29 March 2000
For immediate release
A pioneering University of Sussex-based internet project that created "virtual patients" for speech therapy students is so successful that its creators are now developing it for use in other areas of clinical training.
Eleven universities have taken up the Patient Assessment Training System (PATSy), which helps students to diagnose language disorders through audio clips, video clips and interactive tests. Its main advantage is that it gives students practice in identifying a variety of clinical conditions before they deal with real patients.
Now the Nuffield Foundation, which funded the original project for £60,000, has granted another £134,000 to extend PATSy for use by students and researchers in the areas of childhood dyslexia, medical rehabilitation and neuropsychology (which includes Parkinson's, dementia and head injury).
Dr Richard Cox, a cognitive scientist in the School of Cognitive and Computing Sciences at Sussex, developed the first PATSy with Dr Carmel Lum of the Speech and Language Sciences Department at Queen Margaret University College, Edinburgh, and they are now working with the universities of York, Oxford and Edinburgh in developing the multi-media package for use in training other health professionals.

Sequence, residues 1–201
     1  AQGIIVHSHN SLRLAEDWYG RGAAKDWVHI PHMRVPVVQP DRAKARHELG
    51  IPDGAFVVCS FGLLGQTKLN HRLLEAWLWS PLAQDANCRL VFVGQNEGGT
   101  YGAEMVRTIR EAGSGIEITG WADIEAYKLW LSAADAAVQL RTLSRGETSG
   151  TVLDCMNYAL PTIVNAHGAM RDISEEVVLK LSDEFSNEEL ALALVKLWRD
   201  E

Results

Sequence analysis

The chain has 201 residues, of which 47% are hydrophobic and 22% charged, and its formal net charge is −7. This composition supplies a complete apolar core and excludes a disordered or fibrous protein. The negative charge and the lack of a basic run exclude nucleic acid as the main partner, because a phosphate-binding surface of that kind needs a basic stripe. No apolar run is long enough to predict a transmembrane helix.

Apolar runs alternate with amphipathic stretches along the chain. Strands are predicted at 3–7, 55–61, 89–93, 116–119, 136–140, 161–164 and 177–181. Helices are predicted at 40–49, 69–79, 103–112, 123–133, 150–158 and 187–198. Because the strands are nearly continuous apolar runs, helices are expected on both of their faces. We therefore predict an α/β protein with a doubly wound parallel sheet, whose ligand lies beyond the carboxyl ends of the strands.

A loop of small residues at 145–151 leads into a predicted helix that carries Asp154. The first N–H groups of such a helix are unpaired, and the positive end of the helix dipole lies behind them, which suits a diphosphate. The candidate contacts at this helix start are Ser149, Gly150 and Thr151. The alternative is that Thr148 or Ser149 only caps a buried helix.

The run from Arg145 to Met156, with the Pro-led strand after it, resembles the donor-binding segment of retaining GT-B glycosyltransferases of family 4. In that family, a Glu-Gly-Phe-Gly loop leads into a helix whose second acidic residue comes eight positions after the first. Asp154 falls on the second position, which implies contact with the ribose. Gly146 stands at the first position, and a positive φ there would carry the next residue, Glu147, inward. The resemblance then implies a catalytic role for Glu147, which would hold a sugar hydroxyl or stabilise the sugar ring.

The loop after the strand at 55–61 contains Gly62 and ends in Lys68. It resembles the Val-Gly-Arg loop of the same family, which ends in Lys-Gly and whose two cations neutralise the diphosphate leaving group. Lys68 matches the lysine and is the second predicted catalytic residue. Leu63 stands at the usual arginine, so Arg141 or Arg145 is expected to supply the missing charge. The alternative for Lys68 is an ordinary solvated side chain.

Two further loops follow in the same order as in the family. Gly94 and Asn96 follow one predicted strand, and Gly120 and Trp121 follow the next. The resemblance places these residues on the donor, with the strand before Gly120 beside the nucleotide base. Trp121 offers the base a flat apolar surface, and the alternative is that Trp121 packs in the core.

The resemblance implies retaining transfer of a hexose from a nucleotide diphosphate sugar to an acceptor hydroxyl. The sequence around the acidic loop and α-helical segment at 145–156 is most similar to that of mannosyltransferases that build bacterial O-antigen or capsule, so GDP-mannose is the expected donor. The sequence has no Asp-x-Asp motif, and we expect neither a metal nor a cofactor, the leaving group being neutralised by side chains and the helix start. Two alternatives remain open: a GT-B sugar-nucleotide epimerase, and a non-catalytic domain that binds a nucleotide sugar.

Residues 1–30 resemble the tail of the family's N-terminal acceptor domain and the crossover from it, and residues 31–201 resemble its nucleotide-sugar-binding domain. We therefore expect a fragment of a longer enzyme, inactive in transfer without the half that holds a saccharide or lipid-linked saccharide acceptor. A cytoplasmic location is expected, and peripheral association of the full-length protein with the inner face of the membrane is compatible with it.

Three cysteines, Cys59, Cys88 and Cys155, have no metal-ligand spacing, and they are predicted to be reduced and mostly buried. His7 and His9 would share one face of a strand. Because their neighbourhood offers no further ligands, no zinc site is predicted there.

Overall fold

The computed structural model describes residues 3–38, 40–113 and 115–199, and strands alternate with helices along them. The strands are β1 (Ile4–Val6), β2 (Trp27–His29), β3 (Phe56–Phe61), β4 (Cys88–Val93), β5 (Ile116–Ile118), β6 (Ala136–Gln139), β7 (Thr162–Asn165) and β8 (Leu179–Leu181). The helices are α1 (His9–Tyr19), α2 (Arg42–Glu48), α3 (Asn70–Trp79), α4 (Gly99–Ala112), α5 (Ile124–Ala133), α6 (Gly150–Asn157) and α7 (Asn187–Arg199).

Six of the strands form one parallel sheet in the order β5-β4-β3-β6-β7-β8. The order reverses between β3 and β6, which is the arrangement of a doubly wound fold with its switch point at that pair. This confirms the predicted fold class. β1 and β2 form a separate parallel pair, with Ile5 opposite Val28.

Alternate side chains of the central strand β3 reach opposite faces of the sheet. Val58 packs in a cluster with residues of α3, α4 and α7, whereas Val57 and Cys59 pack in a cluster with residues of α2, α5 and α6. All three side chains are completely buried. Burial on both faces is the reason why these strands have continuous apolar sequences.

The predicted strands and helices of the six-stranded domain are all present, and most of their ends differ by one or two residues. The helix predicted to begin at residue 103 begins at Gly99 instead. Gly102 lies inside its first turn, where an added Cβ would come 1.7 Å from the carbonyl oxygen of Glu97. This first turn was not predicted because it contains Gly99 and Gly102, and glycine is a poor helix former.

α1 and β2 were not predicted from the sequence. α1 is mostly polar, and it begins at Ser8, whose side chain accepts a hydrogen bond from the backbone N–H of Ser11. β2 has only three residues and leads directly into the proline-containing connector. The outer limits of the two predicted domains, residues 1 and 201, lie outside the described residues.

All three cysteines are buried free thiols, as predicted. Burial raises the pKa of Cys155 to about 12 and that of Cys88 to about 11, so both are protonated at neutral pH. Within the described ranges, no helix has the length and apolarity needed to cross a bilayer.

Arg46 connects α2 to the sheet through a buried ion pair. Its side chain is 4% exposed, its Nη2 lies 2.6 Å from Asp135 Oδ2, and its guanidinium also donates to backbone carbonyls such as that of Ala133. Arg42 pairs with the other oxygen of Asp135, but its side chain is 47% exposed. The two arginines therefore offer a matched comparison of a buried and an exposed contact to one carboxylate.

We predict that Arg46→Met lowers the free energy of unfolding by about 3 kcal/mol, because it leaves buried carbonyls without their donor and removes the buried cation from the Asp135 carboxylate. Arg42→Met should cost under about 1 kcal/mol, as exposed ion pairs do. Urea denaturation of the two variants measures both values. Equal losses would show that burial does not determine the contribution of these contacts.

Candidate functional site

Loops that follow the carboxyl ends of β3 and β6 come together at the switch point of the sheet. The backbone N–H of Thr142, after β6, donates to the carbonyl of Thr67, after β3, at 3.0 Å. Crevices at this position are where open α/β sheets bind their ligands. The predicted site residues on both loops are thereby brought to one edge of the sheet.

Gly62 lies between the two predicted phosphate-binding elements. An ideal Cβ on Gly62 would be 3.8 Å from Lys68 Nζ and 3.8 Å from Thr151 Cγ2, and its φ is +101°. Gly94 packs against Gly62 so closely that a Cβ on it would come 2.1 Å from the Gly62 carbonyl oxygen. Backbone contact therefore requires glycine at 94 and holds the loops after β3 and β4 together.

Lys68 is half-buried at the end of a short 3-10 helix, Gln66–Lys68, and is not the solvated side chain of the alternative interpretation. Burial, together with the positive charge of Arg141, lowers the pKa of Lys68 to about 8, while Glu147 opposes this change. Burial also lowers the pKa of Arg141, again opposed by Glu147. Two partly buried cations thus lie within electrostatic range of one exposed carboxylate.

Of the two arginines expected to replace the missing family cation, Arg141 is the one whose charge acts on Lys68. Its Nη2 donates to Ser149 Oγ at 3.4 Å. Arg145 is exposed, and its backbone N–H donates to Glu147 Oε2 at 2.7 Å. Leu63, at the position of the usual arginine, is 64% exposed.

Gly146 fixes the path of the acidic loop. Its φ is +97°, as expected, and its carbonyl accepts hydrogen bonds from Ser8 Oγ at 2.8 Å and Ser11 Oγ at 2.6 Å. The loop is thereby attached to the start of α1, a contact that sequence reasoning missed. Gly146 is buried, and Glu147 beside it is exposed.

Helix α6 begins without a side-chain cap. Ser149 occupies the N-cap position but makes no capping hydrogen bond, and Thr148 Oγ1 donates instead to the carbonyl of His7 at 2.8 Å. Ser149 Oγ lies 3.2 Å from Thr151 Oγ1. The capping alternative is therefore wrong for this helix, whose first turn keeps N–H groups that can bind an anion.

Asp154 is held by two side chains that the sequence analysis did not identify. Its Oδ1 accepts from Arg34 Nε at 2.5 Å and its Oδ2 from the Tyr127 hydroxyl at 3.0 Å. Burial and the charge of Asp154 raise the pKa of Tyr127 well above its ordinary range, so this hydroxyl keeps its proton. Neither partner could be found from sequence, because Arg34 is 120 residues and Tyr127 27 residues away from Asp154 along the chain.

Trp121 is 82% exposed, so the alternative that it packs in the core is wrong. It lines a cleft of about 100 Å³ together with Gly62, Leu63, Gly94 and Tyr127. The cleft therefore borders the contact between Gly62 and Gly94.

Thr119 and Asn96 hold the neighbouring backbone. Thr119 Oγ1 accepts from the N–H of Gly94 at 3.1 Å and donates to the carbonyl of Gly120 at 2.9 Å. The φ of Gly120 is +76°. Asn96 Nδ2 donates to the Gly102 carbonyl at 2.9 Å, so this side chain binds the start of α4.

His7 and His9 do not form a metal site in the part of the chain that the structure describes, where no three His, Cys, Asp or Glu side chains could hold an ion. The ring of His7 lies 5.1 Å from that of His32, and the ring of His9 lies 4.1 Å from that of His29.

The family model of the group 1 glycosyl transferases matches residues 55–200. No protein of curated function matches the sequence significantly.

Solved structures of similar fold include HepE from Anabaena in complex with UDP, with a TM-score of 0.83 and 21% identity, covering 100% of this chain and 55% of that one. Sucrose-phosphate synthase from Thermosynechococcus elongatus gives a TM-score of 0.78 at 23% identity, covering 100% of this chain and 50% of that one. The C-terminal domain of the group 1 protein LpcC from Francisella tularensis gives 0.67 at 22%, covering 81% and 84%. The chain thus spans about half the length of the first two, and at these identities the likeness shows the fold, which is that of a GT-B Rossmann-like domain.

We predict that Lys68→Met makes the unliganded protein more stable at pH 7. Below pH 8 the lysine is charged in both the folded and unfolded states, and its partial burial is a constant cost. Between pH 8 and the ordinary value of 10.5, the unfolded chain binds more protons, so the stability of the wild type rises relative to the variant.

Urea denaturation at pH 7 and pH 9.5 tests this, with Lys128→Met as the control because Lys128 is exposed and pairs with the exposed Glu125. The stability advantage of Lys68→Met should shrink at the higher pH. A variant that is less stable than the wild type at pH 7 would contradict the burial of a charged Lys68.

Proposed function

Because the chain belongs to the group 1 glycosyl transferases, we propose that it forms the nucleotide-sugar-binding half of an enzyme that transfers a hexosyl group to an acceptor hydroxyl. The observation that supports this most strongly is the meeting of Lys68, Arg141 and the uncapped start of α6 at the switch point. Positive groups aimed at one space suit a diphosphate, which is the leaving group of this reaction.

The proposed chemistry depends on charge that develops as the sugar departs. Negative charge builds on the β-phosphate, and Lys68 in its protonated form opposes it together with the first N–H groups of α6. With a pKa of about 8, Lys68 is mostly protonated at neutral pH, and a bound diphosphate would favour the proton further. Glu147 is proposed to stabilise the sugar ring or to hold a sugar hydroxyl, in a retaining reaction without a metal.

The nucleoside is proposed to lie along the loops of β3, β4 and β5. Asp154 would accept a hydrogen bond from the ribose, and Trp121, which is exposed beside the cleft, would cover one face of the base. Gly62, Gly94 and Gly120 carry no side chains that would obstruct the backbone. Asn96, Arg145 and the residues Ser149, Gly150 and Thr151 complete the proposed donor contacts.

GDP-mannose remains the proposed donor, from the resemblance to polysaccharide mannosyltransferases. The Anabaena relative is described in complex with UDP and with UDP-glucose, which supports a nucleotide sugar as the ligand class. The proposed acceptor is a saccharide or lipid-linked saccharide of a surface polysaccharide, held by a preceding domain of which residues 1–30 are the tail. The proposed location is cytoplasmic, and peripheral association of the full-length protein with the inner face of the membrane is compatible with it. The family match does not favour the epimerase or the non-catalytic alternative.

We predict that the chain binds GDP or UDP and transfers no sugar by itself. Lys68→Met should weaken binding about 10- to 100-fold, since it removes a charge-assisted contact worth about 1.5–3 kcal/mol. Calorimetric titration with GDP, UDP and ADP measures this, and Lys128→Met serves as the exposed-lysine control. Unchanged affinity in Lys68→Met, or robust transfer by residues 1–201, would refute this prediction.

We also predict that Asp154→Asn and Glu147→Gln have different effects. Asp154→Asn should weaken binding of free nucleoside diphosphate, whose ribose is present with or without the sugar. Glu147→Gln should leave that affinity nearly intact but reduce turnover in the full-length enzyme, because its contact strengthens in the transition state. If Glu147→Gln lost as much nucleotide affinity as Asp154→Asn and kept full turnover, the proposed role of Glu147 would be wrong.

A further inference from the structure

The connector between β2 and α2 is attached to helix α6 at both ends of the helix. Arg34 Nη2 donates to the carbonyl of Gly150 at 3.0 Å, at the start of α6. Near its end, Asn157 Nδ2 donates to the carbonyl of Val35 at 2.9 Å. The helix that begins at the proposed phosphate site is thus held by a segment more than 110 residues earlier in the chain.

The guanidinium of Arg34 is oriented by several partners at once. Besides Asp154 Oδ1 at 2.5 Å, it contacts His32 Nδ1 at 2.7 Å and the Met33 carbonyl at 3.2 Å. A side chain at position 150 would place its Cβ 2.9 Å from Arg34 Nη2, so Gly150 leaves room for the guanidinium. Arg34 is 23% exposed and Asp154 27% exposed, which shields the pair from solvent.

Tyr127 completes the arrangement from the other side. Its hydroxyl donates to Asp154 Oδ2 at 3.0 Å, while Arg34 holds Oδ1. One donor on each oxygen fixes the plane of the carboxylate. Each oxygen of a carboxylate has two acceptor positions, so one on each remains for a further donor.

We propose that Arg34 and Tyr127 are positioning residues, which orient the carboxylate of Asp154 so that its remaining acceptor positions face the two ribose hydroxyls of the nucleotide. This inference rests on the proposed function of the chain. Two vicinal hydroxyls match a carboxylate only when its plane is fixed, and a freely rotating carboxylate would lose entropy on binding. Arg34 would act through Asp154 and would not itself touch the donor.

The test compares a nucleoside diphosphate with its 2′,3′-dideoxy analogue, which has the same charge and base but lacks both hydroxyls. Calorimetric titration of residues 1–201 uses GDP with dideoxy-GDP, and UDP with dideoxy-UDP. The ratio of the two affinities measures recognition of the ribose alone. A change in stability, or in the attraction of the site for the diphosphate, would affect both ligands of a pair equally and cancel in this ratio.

Dr Cox said: "The problem with clinical training is that it's a bit ad hoc. The patients students see may be very similar and the students' needs are given low priority in a busy hospital. PATSy can provide access to rare cases and an opportunity for students to practise clinical reasoning before they meet live patients. It's a useful adjunct to their training."
As well as being a valuable teaching tool, the system can be used by researchers and practising clinicians who want to update their knowledge, he said. As for the future, the system's shell can be adapted for any learning discipline that involves analysing case studies. "As far as I'm aware, it's the only one in existence," said Dr Cox. "We've had interest from users in the US and Australia and area looking at selling the system shell. Any profit will be ploughed back into the project."
Notes for editors
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